Peter Slezkine Round table: A Plea to Open the Archives

This post is part of our round table on Peter Slezkine’s essay on the origins of Human Rights Watch from our recent issue. Please be sure to read other entries by Stephen HopgoodKenneth Roth, Aryeh Neierand a final response from the author.

Peter Slezkine’s contribution is a welcome attempt to understand the expanding scope of Human Rights Watch (HRW) from its origins as the Helsinki Watch to its current claim to defend the rights of people worldwide. Despite the recent surge of interest in the history of human rights, it is one of the few contributions that try to approach human rights NGOs critically. As I have consulted the same records for my doctoral research on the practice of Helsinki human rights activism, I would like to briefly comment on the problem of archival restrictions.

The archival approach is one of the merits of the article. It enabled Slezkine to historicize HRW and to illustrate that human rights NGOs—embedded as they always are in their contemporary context—change over time. Thanks to his consultation of a few documents from the early years of the organization, Slezkine provides his audience with new insights. In particular, the proposal for a planning grant to set up the Helsinki Watch and Alfred Friendly, Jr.’s memo give us new information on the struggle to define the mandate of the organization.

However, as Slezkine himself acknowledges, due to the many restricted files in HRW records, the article is preliminary. Out of necessity, the author relied primarily on annual reports of Helsinki Watch and on memoirs of and interviews with its former staff. The few consulted internal documents date from two specific periods, July 1978 and March 1979. As such, the contribution struggles to go beyond the “official” account of the Helsinki Watch.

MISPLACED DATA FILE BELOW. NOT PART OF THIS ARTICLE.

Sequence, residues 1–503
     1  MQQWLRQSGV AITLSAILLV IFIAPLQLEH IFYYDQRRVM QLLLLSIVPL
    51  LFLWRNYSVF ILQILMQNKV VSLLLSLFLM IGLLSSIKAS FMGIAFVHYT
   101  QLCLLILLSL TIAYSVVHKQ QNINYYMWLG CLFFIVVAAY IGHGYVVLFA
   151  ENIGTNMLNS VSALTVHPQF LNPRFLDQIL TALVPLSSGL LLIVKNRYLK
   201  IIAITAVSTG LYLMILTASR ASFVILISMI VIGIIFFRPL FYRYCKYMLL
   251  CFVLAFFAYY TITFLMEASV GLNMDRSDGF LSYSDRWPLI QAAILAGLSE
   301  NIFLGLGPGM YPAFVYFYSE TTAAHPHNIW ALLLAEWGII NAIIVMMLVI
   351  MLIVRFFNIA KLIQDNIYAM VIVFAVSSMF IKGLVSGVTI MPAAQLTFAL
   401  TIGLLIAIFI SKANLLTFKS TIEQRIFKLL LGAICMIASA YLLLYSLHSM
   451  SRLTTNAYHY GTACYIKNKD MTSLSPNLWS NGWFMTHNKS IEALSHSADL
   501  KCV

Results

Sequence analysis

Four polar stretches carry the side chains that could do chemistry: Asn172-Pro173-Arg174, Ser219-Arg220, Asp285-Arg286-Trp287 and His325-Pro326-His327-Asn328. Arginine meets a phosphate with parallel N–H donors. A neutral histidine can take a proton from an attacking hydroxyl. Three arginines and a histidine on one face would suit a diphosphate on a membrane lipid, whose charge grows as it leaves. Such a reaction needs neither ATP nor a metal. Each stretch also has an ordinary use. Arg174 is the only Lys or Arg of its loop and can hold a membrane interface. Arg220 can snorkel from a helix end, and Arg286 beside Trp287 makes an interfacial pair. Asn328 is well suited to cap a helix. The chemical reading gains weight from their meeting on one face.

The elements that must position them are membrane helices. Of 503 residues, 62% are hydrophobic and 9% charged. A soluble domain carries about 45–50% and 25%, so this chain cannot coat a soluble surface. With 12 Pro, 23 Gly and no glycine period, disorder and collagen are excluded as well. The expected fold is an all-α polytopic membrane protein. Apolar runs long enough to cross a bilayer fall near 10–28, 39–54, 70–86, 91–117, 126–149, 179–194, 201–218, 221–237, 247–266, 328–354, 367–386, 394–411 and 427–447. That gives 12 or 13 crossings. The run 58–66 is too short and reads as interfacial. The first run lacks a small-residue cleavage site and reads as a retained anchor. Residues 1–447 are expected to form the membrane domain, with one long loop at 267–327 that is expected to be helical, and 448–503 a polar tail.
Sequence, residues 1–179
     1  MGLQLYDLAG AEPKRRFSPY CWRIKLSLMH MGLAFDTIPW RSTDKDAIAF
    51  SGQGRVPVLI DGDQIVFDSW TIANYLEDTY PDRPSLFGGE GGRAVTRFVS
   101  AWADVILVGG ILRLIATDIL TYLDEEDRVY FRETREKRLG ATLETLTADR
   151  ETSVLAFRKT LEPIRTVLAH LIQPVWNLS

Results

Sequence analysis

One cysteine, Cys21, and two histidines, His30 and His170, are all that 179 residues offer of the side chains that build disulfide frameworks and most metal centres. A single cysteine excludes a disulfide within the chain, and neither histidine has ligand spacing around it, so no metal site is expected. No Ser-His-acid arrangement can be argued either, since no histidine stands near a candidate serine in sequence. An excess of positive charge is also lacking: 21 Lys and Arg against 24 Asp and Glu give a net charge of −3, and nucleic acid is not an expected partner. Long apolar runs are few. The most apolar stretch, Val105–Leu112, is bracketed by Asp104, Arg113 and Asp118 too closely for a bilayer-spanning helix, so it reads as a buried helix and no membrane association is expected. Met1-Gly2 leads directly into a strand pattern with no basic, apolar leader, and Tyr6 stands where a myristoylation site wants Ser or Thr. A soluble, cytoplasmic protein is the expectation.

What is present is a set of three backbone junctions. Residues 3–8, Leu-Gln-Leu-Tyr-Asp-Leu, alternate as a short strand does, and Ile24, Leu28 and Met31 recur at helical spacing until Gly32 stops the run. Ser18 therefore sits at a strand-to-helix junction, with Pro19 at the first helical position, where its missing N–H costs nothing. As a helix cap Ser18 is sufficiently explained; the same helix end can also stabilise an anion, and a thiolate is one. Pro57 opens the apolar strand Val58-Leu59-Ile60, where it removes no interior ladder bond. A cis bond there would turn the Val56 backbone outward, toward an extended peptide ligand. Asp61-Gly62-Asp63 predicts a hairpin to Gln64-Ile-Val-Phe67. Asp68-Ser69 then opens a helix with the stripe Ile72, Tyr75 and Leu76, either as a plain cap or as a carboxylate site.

As a consequence, many of the silences in the official history are left unbroken. Let me give two examples. First, although Slezkine rightly concentrates on the contradictions between the domestic monitoring and the international interests of the Helsinki Watch, his explanation is partial at best. He ascribes the attempt to adapt a model that did not fit to a stubborn allegiance to the ideal of the Moscow Helsinki Group. However, the early departure of the first executive director David Fishlow indicates there is more to it. A second example is that Slezkine does not mention the role of the Ford Foundation in defining the mandate. As the foundation funded the planning process and the first two years of the Helsinki Watch, it clearly was instrumental and thus must have played some role in the definition of the mandate. (I will discuss both matters thanks to new archival discoveries in the Ford Foundation records and elsewhere in my forthcoming publications on HRW’s origins.)

Within academic circles and the public in general, there is a growing desire to understand the role of human rights NGOs. They are perceived as important actors in the promotion of human rights. To contribute to a better understanding of the history of human right, and thus to improving the promotion of human rights, scholars should be able to examine NGOs as well. However, when NGOs impose rigid access restrictions, scholarly research is hampered.

Of course, there is reason to be cautious in granting access to potential sensitive information that could endanger local activists. But more than thirty-five years have passed since HRW’s establishment. Slezkine’s article should be read as an appeal to the organization to reevaluate its archival policy in order to help understand the history of human rights.


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